How to Handle Debt Settlement Negotiations When You’re Going out of Business

Posted by trudy
August 5, 2017

Self-Published

Most closing businesses have sizeable debts to pay off, to their suppliers, landlords, service providers, lenders, banks and so on. You’re going to have to notify each of your creditors of your closure so that your liability is limited. From there on, you’re expected to come up with a plan to pay these bills in their entirety, arrange for settling the debts for an amount lesser than the full payment, or, in extreme cases, file for bankruptcy.

How to Negotiate Deals on your Business Debts

If you aren’t able to pay in full, you’re going to have to start wondering how low you’ll be able to bring the net amount. This will depend on the type of creditor, your rapport with them and the legal nitty-gritty of the debt itself. If the business is a corporation or an LLC that doesn’t have any debts that are personally guaranteed, the creditor knows that they cannot get the money from you personally. It is a good idea to try and settle if you can pay anywhere between 30 and 70% of the debt. Since the creditors know they will have trouble trying to procure the full amount, they are likely to settle for something instead of nothing.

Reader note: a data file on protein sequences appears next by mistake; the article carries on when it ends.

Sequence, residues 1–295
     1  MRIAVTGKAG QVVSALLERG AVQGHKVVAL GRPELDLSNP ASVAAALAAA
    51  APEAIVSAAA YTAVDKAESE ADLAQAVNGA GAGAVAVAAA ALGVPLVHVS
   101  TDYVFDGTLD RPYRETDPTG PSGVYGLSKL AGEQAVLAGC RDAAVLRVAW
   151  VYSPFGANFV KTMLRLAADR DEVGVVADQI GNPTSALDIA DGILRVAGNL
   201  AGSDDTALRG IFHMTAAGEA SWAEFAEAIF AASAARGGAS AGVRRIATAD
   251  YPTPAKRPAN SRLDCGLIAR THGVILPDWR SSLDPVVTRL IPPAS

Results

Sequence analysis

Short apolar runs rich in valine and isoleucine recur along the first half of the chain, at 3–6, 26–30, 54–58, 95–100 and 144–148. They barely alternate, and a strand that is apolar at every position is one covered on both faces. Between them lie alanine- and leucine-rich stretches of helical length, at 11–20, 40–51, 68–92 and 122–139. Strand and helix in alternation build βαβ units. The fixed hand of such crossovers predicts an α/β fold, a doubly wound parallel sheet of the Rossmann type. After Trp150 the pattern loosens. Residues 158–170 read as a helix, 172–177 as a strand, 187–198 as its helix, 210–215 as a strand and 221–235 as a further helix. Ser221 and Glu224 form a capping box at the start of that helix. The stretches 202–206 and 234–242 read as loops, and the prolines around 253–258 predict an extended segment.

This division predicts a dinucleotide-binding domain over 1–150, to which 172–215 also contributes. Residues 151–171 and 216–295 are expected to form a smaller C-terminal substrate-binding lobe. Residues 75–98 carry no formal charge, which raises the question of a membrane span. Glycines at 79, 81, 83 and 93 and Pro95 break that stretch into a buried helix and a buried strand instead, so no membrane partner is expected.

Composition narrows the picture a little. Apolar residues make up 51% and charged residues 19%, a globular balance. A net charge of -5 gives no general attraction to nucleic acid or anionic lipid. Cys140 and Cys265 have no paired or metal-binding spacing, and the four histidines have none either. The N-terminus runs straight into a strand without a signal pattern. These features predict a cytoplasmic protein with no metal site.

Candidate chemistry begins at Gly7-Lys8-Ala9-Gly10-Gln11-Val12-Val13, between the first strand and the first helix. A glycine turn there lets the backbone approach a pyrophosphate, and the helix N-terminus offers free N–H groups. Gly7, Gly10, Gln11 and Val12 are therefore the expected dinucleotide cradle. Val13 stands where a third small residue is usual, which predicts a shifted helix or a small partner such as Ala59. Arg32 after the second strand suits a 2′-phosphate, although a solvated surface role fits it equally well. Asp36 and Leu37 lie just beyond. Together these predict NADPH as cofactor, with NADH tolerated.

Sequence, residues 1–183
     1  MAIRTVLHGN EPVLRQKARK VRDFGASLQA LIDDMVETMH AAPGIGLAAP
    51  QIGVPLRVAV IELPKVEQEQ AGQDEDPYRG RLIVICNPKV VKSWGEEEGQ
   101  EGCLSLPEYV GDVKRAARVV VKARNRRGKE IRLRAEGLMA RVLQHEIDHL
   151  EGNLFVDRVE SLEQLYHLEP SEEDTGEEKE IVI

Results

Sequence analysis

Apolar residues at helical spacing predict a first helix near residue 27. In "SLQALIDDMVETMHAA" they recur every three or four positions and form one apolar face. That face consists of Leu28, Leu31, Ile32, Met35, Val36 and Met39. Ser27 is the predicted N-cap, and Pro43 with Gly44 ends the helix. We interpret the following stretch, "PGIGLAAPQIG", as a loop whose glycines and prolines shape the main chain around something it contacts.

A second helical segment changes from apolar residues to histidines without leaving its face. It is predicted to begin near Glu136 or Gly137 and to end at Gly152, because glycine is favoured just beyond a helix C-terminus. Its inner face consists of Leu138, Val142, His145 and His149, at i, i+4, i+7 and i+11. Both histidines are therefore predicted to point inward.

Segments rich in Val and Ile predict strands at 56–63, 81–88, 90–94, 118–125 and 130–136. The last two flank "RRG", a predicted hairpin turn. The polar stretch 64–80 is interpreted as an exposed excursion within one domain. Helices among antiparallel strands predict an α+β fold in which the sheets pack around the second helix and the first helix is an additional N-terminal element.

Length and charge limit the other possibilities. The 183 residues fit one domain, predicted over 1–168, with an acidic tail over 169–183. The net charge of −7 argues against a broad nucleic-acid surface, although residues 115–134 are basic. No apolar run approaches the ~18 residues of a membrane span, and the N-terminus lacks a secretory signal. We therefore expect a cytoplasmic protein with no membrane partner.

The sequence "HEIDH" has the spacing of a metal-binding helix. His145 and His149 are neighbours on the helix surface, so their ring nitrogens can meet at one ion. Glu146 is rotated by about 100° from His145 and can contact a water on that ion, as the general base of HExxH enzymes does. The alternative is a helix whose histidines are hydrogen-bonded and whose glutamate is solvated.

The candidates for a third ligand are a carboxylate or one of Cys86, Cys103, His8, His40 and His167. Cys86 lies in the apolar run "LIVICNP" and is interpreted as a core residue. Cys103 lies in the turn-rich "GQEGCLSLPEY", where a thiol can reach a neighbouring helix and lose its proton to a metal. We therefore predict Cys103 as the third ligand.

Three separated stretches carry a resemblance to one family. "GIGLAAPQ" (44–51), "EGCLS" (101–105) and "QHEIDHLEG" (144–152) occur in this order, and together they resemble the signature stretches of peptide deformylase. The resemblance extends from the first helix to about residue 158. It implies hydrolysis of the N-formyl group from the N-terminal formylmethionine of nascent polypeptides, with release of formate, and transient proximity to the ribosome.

Bankruptcy is the way to go if most debts are beyond you. It will allow you to wipe your debts out, but at a cost to your creditability. Speak to the experts at Creditors Relief before taking such a big step.

Prioritize the Debts

You’re going to have to organize debts in order of priority. Keep the ones which have collateral that is of value to you right at the top. Next in the hierarchy should be benefits and wages owed to employees and loans that you are personally liable to pay off, like ones bound by court judgments.

The money left over after this can be applied towards paying suppliers, credit card companies, and random business expense bills like travel, advertising, lease deficiencies and so on.

Handling Equipment Lessors

Make arrangements so that you can return all leased equipment. If this is returned before the lease term is up, you are going to have to pay either an early return penalty or the remainder of the lease payments. You could still negotiate terms yourself or through an attorney. If the lessor gets to hear you are considering bankruptcy, he will want to take back the equipment with the least hassle so that there is no further damage.

Handling Creditors

Negotiate with secured creditors to release you from owing deficiencies. As for unsecured creditors, just keep communicating with them while figuring out what sort of settlement offer you can make. Collect all outstanding A/R and sell off equipment and inventory. This should free up some funds for settlements. If your creditors accept the deal, get them to sign individual releases for proof. This is vital for the future.

Conclusion

Take your time to understand your situation, because getting it right is more important than getting it done. If you have cash left after settlements, keep it aside for future claims because these tend to pop up. It is totally alright and in fact a very good idea to get an advisor or an attorney to oversee the entire process for you.

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